Turin - Piazza Castello © Enrico Aretini
In the News

Preventive Conservation: The State of the Art

During the last quarter of a century preventive conservation has developed greatly, moving to the centre stage of museum, site and heritage management. The 27th Biennial Congress attracted the best minds in conservation from around the world. Hundreds of people from over 53 countries came together to generate discussion and explored the biggest issues that exercise our field.

The Congress is now over, but you can get a flavour of what happened on our blogs  covering most sessions which you can view here . Many also tweeted about the Congress at #IICTurin2018. You can also watch the whole of our Point of the Matter Dialogue 'Culture Cannot Wait' here.

We were also pleased that XpectralTEK supported two Poster Prizes. The prizes were presented at the Closing Ceremony on Friday 14 September 2018,  further details will be available shortly promoting the winning and commended posters.

A special feature of this year's Congress was the joint IIC ‘Point of the Matter’ Dialogue on Wednesday 12 September 2018, 11am to 12.45pm - Culture Cannot Wait: Integrating Cultural Heritage First Aid with Humanitarian Assistance in Crisesorganised in collaboration with ICCROM (the International Conservation Centre in Rome). You can read more about the Dialogue on our blog here and we will shortly have a recording of the session available to view.

Read all about it here.

Workshop team. © Institute of Conservation, University of Applied Arts Vienna. Photo: Christoph Schleßmann

Review by Tanushree Gupta, Gabriela Krist, Johanna Runkel
Institute of Conservation, University of Applied Arts Vienna

Raising the standards of conservation training and contributing to the improvement of conservation practices for shared cultural heritage have been the objectives of a long-term India-Austria collaboration. The Embassy of India in Vienna and the University of Applied Arts Vienna – Institute of Conservation, organized a workshop entitled, “Conservation of Cultural Heritage – Materials and Equipment in Conservation Today” which was held from April 23 to 25, 2018. The goal of this workshop was to share advancements in conservation methods, tools, and technology with practicing conservators from India. This workshop also aimed to develop partnerships between Indian and Austrian industries for the manufacture and sale of precision tools and equipment in India.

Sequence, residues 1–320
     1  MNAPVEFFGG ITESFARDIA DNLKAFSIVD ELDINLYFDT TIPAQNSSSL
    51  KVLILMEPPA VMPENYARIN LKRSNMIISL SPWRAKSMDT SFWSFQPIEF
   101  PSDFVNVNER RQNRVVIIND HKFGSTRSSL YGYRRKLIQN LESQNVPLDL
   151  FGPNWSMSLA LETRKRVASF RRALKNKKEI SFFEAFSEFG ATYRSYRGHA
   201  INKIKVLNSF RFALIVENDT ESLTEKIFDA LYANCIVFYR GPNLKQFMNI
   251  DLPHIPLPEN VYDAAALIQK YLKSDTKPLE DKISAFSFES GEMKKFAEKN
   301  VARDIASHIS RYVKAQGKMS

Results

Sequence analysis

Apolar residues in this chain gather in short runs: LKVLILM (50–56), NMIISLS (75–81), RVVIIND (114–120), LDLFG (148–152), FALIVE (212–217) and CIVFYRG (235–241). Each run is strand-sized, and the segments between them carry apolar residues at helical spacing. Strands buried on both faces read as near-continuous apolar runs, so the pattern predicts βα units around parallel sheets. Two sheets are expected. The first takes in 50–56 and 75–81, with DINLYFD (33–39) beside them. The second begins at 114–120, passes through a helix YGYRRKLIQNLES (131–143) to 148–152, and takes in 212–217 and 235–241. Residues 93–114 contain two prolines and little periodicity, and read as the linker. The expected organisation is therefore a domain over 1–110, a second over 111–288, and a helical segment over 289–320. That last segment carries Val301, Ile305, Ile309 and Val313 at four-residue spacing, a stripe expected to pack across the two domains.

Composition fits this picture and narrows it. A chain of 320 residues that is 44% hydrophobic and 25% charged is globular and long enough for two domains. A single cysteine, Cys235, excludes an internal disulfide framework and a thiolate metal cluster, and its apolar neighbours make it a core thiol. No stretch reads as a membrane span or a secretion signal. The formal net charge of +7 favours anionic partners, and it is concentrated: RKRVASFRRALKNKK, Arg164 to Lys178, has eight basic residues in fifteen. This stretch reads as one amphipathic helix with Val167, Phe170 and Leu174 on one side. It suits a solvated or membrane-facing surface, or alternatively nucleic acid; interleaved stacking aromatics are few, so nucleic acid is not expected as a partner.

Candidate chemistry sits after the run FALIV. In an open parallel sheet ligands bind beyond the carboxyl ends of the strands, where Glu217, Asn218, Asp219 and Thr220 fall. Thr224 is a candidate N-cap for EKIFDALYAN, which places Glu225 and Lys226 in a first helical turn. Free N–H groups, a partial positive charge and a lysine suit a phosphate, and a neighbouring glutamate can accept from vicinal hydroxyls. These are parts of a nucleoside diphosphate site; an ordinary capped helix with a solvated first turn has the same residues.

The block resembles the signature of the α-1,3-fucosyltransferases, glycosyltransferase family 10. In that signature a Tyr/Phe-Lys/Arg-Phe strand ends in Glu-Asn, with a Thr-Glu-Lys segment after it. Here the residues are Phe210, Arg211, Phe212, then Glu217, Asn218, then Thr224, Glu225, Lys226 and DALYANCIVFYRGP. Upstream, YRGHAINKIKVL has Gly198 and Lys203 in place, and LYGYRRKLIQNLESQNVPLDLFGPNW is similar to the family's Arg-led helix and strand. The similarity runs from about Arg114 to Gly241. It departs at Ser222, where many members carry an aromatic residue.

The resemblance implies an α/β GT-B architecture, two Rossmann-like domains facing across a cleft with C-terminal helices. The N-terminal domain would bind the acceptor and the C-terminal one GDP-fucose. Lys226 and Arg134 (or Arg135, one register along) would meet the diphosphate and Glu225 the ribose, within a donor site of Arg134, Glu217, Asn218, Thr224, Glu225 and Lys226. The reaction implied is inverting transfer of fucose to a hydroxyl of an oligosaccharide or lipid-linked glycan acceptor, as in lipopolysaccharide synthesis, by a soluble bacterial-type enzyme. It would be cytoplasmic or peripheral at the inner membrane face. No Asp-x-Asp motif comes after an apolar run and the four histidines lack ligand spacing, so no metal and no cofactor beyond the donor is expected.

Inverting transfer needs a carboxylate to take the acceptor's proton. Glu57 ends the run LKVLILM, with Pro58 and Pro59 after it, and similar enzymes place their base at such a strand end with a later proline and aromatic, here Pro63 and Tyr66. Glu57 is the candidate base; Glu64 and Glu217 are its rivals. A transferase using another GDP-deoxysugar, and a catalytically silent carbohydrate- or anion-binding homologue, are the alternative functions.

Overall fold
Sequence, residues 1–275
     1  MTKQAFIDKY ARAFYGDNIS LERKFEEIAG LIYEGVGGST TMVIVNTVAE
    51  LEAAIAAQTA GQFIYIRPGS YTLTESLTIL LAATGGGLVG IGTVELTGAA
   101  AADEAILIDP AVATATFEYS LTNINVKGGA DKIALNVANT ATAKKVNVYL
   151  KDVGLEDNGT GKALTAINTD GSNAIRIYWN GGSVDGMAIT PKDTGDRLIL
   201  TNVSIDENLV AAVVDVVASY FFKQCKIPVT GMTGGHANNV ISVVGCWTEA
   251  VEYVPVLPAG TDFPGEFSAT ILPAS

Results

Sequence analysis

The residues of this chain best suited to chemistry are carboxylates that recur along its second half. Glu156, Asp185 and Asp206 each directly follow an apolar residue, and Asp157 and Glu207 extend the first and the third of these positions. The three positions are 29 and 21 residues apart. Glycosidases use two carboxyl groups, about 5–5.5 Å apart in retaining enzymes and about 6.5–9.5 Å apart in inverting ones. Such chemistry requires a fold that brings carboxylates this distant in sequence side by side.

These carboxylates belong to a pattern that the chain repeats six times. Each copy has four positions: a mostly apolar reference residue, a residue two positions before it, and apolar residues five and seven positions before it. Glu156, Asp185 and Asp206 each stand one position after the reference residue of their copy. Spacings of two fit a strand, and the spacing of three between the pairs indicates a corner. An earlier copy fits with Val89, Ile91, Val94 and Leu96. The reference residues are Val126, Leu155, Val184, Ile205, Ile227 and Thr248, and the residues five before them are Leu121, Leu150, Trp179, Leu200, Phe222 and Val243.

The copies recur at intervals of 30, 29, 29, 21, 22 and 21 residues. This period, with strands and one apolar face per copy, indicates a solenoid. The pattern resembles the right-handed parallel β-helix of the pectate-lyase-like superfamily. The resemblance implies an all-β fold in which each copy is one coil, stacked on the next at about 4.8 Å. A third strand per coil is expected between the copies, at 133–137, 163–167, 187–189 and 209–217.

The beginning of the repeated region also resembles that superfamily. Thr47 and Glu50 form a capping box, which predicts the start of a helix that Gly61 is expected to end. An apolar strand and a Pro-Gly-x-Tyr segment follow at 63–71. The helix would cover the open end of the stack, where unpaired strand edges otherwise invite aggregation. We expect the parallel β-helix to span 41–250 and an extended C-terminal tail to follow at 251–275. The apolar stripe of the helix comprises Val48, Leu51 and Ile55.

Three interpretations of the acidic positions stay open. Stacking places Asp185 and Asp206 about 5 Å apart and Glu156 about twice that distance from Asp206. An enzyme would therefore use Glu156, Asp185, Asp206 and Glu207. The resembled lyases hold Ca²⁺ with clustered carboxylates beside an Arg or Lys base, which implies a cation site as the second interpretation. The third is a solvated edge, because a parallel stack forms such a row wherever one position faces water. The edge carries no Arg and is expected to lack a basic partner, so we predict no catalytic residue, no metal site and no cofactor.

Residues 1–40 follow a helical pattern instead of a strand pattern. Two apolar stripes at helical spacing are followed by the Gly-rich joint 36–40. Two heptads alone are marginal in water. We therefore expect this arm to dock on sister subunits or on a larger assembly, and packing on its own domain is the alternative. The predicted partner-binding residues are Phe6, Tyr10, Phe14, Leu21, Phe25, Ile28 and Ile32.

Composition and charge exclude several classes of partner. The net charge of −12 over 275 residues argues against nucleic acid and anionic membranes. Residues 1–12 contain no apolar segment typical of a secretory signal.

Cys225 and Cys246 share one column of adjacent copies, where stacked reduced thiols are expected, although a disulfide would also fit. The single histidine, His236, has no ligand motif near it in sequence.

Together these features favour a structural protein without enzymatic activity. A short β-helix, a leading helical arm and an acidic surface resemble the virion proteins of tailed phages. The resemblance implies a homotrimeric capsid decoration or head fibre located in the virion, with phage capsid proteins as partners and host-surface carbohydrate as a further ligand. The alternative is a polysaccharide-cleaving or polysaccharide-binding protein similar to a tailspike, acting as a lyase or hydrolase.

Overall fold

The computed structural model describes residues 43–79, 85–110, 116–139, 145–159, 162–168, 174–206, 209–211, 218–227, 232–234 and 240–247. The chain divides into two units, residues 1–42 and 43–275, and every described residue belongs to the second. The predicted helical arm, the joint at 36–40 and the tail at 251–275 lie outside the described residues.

The masterclass participants, 20│21 Staff, and teachers Maria Chatzidakis, Will Shank and Pedro Soares Neves. Image taken by Marta Palmeira.

Review by Grazia Cavanna

This masterclass was organized by 20│21 Conservação e Restauro de Arte Contemporânea and was held in Porto, Portugal on 14th and 15th of June 2018. The workshop was led by two major street art conservation experts: Maria Chatzidakis, lecturer at T.E.I. of Athens and co-founder of Street Art Conservators (St.A.Co), and Will Shank, independent conservator and curator, co-founder and co-chair of Rescue Public Murals.